Abel's Sacrifice
Hebrews 11:4
By faith Abel offered to God a more excellent sacrifice than Cain, by which he obtained witness that he was righteous…

I. WHAT WAS THE SPECIAL OCCASION OF THIS SACRIFICE? That may be gathered out of the phrase used (Genesis 4:3). God taught Adam by revelation, and he his son by instruction, that men should at the year's end, in a solemn manner, sacrifice with thanks to God, when they had gathered in the fruits of the earth. This tradition was afterwards made a written law (Exodus 22:29). These solemn sacrifices at the end of days had a double use.

1. To be a figure of the expiation promised to Adam in Christ.

2. To be a solemn acknowledgment of their homage and thankfulness to God.

1. The general use of these sacrifices was to remember the seed of the woman, or Messiah to come, as the solemn propitiatory sacrifice of the Church. And indeed there was a notable resemblance between those offerings and Jesus Christ: Abel offered a lamb; and Christ is the Lamb of God, that takes away the sins of the world (John 1:29). And because of these early sacrifices, therefore is that expression used (Revelation 13:8). And He also is the first-fruits (Psalm 89:27). Though God had other children by creation besides Christ, yet He is the first-born. What shall we gather from hence? That in all our addresses to God we must solemnly remember and honour Christ. We must do duties to God, so as we may honour Christ in them. It may be you will ask, How do we honour Christ in doing of duties?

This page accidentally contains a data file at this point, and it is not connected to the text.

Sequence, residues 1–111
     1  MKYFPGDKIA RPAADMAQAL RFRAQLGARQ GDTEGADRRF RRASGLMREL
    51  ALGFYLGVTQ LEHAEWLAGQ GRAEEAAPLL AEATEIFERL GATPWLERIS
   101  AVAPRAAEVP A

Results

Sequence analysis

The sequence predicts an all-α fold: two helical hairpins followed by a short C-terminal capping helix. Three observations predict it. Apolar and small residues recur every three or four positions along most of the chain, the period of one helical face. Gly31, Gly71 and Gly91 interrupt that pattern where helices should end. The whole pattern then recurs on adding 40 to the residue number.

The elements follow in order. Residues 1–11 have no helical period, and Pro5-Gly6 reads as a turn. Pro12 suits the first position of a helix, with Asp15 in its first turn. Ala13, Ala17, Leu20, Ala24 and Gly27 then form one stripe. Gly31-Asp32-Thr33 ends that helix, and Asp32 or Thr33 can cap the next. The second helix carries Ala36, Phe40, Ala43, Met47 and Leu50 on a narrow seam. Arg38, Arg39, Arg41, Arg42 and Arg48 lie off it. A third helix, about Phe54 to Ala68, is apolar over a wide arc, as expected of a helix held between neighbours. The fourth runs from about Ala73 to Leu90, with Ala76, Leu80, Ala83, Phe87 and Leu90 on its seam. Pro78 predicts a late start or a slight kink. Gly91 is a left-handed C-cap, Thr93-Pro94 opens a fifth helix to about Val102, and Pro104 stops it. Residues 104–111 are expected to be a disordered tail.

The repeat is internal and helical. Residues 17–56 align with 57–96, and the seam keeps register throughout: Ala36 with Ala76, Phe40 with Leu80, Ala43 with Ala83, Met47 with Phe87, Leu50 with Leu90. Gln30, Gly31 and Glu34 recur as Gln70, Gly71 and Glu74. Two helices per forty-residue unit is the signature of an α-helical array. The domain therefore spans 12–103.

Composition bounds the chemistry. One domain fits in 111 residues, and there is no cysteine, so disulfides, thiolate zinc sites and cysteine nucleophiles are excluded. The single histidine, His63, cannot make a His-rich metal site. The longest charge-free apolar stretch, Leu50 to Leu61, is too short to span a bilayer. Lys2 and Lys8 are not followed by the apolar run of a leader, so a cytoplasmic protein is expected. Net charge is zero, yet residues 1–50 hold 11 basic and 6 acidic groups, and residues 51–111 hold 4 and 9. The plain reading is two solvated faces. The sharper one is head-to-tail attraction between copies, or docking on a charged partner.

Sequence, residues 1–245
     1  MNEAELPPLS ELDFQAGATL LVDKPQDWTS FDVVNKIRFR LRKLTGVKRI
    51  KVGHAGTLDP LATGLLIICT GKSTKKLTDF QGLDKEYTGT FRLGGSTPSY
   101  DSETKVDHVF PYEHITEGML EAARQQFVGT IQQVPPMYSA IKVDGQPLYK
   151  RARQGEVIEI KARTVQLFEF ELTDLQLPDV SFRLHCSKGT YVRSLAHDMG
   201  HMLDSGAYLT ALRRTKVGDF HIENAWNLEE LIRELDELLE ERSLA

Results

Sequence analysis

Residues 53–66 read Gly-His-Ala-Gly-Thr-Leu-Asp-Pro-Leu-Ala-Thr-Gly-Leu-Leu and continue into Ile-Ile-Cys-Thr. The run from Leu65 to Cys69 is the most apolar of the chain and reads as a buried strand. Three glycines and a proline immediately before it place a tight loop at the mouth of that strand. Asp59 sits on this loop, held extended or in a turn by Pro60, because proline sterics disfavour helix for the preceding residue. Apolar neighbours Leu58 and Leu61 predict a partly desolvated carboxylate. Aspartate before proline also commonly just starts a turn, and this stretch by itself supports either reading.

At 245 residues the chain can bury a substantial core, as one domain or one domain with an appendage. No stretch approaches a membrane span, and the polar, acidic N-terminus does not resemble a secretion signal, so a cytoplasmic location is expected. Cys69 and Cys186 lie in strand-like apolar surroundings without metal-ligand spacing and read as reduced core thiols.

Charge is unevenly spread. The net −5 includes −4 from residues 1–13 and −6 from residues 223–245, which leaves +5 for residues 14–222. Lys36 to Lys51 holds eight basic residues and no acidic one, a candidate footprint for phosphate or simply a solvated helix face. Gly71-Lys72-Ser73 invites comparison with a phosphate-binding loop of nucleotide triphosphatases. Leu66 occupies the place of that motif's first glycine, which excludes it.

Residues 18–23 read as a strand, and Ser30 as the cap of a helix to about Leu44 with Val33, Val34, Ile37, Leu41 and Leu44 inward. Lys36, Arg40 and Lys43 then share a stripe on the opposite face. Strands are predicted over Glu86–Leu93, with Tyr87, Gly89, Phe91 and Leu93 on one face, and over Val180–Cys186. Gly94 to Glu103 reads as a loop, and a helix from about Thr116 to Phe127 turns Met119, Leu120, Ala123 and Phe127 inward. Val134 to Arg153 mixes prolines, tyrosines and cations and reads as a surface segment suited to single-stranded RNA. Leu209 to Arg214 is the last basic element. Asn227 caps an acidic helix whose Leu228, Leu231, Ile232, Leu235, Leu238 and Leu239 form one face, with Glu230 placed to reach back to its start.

(1)  When you look for your acceptance in Christ, as Abel comes with a lamb in faith.

(2)  This is to honour Christ in duties, when you look for your assistance from the Spirit of Christ.

(3)  When the aim of the worship is to set up and advance the mediator.

2. The special use of this worship was to profess their homage and their thankfulness to God. They were to come as God's tenants, and pay Him their rent. Therefore God puts words into the Israelites' mouths (Deuteronomy 26:10). The note from hence is — That in the times of our increase and plenty we must solemnly acknowledge God. The best way to secure the farm, and keep it in our possession, is to acknowledge the great Landlord of the whole world — Lord, I have been a poor creature, and Thou hast blest me wonderfully. There is a rent of praise and a thank-offering due to God.

II. The second question is, WHAT WAS THE WARRANT OF THIS WORSHIP? Was it devised according to their own will, or was it commanded by God? The reason of the inquiry is because some say that before the law the patriarchs did, without any command, out of their private good intention, offer sacrifice to God; and they prove it, because the Gentiles that were not acquainted with the institutions of the Church used the same way of worship. But this opinion seemeth little probable —

1. Because this is above the light of corrupt nature to prescribe an acceptable worship to God.

2. It was by some appointment; for no worship is acceptable to Him but that which is of His appointment.

3. There could have been else no faith nor obedience in it, if the institution had been wholly human; there is no faith without some promise of Divine grace, no obedience without some command.